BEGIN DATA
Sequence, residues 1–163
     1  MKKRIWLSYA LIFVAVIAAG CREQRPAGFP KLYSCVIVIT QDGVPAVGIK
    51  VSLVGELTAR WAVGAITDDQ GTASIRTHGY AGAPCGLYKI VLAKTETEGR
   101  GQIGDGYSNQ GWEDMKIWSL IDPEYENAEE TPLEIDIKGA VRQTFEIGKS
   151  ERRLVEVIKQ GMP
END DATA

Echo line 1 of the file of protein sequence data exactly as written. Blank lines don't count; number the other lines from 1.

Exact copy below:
Sequence, residues 1–163